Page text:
Both NHS Digital and NHSX, alongside Health Education England, are set to merge with NHS England under a series of wider reforms intended to improve recruitment and retention and support digital transformation in the NHS.
Announcing the ‘major reforms’ today, the DHSC said that combining NHS Digital and NHSX would improve cooperation between the ‘key digital bodies’ of the NHS.
This would in turn address waiting list backlogs, it claimed, while supporting the Government’s broader plans to digitally transform how the NHS runs.
The two brands will form part of NHSE’s new Transformation Directorate – the body set to lead the digital transformation agenda at national and ICS level – with NHSX becoming its strategy arm.
Up until the merger, NHS Digital was responsible for providing of information, data and IT systems for the NHS, while NHSX was set to outline the best practice for NHS technology.
Simon Bolton, who has been the interim CEO of NHS Digital since June, will become the chief information officer of NHSE.
Meanwhile, the decision to merge HEE – which is a DHSC body – into NHS England would see long-term workforce planning put to the ‘forefront’ of the national NHS agenda.
Currently, HEE coordinates education and training within the health and public health workforce.
Merger expected summer 2022
However, the Government does not currently have the power to enable formal legal mergers of the DHSC’s arm’s length bodies.
The power is currently being considered as part of the controversial Health and Care Bill, meaning the HEE merger is therefore subject to Parliament approving the measure, expected in summer 2022.
Similarly, NHS Digital will cease to be an independent arm’s length body of the DHSC as soon as the legislation allows.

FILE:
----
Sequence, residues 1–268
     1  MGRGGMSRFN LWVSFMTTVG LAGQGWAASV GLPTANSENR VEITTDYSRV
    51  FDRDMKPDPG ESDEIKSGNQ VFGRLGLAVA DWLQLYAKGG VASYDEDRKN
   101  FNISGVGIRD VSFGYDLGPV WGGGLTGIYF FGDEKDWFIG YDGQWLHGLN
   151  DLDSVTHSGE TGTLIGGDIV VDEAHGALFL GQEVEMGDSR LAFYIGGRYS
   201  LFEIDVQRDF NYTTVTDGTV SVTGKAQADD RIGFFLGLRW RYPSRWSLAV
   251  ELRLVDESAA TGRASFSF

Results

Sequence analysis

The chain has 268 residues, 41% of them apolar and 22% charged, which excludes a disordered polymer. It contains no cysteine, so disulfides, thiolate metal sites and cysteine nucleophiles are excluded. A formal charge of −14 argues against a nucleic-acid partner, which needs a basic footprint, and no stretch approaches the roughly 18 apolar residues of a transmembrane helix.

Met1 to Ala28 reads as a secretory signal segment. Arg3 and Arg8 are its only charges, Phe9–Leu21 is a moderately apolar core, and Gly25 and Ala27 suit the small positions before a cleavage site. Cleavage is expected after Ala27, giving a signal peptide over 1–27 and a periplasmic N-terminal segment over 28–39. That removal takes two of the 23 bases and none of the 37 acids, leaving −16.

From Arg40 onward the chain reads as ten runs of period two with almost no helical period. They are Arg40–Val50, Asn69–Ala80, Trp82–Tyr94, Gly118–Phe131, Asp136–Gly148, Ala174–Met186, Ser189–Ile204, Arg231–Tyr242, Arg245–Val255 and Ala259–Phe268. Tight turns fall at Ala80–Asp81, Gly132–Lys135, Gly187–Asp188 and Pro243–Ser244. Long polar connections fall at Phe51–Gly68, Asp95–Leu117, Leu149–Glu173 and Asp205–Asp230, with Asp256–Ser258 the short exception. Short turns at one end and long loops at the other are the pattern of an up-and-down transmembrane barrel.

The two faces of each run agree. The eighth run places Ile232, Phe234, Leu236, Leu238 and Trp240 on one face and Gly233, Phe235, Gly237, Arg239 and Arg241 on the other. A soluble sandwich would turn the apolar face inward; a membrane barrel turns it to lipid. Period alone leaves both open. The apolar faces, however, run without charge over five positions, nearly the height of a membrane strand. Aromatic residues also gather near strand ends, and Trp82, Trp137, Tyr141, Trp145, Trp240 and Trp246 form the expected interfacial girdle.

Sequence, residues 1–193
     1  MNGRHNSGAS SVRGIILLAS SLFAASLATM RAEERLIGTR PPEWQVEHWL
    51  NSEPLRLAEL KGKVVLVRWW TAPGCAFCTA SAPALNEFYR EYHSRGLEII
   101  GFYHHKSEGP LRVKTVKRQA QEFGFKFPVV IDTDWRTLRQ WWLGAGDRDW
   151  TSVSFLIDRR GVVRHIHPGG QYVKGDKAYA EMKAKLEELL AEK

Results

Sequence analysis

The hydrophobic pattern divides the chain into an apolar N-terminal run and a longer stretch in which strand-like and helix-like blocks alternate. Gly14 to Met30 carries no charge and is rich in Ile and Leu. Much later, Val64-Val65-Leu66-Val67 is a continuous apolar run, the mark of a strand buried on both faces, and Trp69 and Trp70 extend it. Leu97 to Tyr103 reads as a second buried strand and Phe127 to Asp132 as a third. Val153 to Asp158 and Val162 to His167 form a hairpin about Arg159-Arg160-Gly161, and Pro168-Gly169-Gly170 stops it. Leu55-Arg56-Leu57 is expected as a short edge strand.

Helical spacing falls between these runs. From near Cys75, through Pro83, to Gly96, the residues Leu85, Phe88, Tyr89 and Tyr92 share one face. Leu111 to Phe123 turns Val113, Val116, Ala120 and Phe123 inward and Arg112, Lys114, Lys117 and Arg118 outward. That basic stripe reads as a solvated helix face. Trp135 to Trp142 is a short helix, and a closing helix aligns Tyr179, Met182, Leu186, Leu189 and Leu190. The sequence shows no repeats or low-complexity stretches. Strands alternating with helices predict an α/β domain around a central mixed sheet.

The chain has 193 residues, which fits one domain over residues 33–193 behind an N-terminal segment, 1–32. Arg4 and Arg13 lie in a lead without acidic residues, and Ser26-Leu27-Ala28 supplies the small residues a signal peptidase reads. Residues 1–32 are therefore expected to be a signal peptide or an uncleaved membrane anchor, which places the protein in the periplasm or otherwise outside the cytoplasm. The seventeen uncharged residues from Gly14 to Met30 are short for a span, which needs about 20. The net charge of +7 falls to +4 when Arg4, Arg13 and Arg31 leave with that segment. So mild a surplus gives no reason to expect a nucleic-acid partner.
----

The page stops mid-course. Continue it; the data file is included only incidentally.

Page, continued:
The Government was criticised by health leaders and thinktanks last month after it ‘failed’ to use the Spending Review to address the NHS’ chronic workforce shortages.
The Treasury had confirmed £5.9bn investment into digital tech and to tackle England’s growing backlog for care, which currently sits at 5.8 million people.
But the King’s Fund noted ‘the real game changer would have been clear funding’ for a workforce plan.
Other warned that the funding to tackle the backlog would be ineffective without tackling vacancies across the NHS.
‘Disruptive’ merger must not waste staff time
Speaking to Healthcare Leader last week when rumours of a merger first appeared, Danny Mortimer, chief executive of NHS Employers, said that integrating HEE with NHSE may make workforce planning and support more central to NHS policy, as long as it was allocated sufficient funding.
‘The challenge now is to ensure that vital work in delivering education, alongside the development of workforce planning at system levels is maintained, and that talented and committed colleagues in HEE are not lost in time-consuming or disruptive reorganisation,’ he said.
‘The urgent matter in the Chancellor’s in-tray remains the need for a clear and ambitious long-term plan for the education and training budgets for health and social care.’
HEE and NHS Digital were founded in 2012 and 2013 respectively, while NHSX was introduced just over two years ago in 2019.